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Black Looks For Budget Win Following Trump’s Debt Ceiling Deal With Dems

Rep. Diane Black (R-TN) announces the 2018 budget blueprint during a press conference on Capitol Hill in Washington, U.S., July 18, 2017. REUTERS/Aaron P. Bernstein - RTX3BY3HRep. Diane Black (R-TN) announces the 2018 budget blueprint during a press conference on Capitol Hill in Washington, U.S., July 18, 2017. REUTERS/Aaron P. Bernstein - RTX3BY3H

House Budget Committee Chairman Diane Black is pushing for Republican lawmakers to get behind the 2018 budget, which includes reconciliation instructions for tax reform.

With Senate Republicans fumbling health-care reform and President Donald Trump opting to side with Democratic leaders on a three-month debt ceiling increase, much to the dismay of GOP lawmakers, Black argues Republicans need a legislative victory. She claims members have the opportunity to pass a bill with $203 billion in mandatory savings and reforms and get the ball moving on overhauling the tax code.

“I think a lot of members what they are realizing after this week is that Trump just showed everybody that if we don’t get things done then he’ll go work with the Democrats to get things done because he doesn’t care what he gets done,” a GOP aide told The Daily Caller News Foundation. “He just wants to check a box and say he accomplished something.”

While the whip count conducted last week is close, leadership appears to be short the handful of votes needed to pass the budget, with members of the House Freedom Caucus looking for details on tax reform and a number of moderates taking issue with spending cuts on certain programs.

“The case Diane is making is basically don’t stop the budget process in its tracks because you don’t exactly know what tax reform is going to look like. Let’s move ahead with this process, and we can work,” the source said. “You know you can lobby and you can threaten to vote against tax reform if it comes to that.”

One source said they fear if they don’t move forward with the bill soon, they are “setting up a situation where Nancy Pelosi is going to write the budget and she’s going to write the tax reform bill and Trump is going to go along with whatever tax-reform, tax-cut bill that Senate Democrats can get out of the Senate.”

House Freedom Caucus Chairman Mark Meadows argued his members don’t feel comfortable voting on legislation without having specifics on how Republicans plan to overhaul the tax code, noting they have been requesting details from leadership for months.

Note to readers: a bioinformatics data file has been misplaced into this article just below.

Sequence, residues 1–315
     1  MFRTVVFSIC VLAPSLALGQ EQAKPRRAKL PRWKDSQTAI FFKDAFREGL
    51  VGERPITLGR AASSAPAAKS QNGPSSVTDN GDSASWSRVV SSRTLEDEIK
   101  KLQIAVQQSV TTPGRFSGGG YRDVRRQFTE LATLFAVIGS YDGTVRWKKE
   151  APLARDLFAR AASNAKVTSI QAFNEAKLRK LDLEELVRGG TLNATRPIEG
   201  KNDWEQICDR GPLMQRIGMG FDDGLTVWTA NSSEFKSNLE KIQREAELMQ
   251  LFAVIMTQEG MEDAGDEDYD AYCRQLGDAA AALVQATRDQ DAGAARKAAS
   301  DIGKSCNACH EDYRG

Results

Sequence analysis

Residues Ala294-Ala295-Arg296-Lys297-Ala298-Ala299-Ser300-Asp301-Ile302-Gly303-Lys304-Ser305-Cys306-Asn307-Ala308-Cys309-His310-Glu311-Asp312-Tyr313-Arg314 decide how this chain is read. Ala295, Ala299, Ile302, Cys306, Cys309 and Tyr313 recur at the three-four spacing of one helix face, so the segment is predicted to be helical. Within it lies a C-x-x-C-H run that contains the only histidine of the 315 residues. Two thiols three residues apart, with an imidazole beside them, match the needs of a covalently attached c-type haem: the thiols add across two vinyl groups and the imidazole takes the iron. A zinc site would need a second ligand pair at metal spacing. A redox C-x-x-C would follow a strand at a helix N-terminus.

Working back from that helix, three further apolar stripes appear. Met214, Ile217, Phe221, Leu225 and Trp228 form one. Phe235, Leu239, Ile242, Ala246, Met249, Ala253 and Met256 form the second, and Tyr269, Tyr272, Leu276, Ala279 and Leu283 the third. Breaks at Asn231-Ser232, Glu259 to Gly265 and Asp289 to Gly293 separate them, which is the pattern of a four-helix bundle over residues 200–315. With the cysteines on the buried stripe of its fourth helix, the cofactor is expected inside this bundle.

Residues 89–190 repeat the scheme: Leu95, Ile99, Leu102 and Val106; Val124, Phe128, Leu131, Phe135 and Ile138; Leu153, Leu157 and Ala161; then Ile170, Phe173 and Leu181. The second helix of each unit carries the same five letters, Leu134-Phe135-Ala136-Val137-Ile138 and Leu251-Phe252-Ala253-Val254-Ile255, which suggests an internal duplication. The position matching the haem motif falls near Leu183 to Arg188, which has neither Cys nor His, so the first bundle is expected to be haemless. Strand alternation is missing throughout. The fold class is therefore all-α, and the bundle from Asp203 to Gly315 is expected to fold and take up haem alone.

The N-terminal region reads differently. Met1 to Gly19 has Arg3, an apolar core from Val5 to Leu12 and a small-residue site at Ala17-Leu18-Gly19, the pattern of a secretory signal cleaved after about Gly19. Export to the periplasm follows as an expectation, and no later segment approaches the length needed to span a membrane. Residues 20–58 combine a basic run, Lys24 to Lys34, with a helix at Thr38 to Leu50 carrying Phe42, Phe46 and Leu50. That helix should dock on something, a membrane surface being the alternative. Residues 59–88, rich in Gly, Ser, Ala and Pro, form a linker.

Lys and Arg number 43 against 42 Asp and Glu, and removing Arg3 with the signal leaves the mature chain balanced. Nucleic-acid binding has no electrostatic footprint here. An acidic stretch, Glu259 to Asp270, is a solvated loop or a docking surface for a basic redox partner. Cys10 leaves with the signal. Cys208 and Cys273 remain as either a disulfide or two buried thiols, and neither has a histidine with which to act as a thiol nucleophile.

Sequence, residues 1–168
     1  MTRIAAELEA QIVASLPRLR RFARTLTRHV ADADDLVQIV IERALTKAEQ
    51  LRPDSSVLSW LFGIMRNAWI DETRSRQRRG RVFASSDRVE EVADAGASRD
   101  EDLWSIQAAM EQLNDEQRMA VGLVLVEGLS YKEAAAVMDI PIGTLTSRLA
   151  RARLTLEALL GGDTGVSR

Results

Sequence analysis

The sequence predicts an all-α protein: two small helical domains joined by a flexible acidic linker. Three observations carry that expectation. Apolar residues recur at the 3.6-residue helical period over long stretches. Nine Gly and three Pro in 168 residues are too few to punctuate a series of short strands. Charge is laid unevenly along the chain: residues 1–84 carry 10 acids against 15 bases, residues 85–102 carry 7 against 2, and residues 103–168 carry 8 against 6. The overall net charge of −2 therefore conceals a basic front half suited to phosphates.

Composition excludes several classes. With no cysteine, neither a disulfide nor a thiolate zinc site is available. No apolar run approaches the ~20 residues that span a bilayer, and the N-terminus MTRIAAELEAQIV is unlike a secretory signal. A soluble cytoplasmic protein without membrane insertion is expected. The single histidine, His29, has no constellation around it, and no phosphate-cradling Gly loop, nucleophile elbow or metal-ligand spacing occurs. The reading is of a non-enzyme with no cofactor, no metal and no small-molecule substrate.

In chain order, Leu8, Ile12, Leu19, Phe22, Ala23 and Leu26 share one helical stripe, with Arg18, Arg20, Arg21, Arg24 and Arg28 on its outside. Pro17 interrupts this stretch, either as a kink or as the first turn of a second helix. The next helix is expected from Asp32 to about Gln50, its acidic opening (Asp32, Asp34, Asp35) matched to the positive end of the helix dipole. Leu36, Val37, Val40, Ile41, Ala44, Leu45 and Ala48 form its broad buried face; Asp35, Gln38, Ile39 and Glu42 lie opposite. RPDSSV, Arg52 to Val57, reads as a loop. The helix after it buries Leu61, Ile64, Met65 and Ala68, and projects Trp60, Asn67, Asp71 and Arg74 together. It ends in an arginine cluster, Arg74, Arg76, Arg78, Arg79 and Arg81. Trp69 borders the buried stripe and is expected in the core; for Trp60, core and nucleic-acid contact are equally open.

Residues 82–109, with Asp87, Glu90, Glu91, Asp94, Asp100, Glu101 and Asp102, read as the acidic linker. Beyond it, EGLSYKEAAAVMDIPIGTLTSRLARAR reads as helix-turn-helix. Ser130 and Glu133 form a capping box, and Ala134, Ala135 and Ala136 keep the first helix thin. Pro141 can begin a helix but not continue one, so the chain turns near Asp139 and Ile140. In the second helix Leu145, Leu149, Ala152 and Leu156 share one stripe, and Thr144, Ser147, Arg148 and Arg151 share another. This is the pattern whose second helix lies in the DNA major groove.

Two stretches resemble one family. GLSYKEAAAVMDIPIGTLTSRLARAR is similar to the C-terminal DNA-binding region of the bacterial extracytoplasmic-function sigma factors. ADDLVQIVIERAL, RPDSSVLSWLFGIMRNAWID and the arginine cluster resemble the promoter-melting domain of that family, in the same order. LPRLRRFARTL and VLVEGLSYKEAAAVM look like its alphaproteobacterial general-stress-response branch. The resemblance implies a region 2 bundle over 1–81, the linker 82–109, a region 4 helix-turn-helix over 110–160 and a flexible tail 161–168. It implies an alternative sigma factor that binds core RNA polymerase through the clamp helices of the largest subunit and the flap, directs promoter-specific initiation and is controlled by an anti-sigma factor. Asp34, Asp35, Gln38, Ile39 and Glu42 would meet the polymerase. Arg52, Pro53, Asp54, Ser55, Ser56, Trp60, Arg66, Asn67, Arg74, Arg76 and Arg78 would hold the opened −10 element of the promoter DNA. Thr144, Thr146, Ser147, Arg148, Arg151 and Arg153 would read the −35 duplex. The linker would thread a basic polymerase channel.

“If they can outline a whole lot more on what they’re doing on tax reform this week, then it certainly makes it a whole lot easier to support the budget right now, he told TheDCNF Monday. “Just voting for a budget where the numbers are pretty much meaningless without tax reform and without the reconciliation instructions attached to them, I don’t see a whole lot to be gained in doing that.”

“My position with Chairman Black really hasn’t changed, it’s been consistent for several weeks,” he continued. “And the one holdup is the lack of action and specificity on tax reform. So hopefully we’ll get those very soon.”

GOP Rep. Dave Brat of Virginia, a member of the House Freedom Caucus, said conservatives are “dying to vote for it [the budget].” But he isn’t confident Senate Majority Leader Mitch McConnell is serious about accomplishing tax reform this year or using the reconciliation process — which allows the upper chamber to pass the measure with just a simple majority — to ensure the legislation meets the conservative goals Republicans laid out on the campaign trail.

“Everything points to the fact that they haven’t put out tax details, yet they promised us six months ago,” he told TheDCNF.

Following a meeting in McConnell’s office Monday, Senate Republican Conference Chairman John Thune told reporters that tax reform in 2017 is still the plan, adding he believes they will use reconciliation to pass the bill.

“There’s a lot that’s already happened — you know, you have the Finance Committee, we’ve had hearings this week. We’ve got a ton of work that’s been going into this — numerous meetings, staff’s been working, drafting getting scores that sort of thing,” he said. “So it’s kind of teed up, but there’s a lot of moving parts of this.”

The South Dakota Republican said he’s not making any predictions on whether tax reform will happen before the end of the year as there are still big decisions that need to be made. However, he is hopeful they can stick to their timeline and even get some Democrats on board.

“There may be some Democrats who are available to vote for something that we can get, but I don’t think there were enough to get us to 60,” he said.  “And I think they would deliver just enough for us not to get to 60.”

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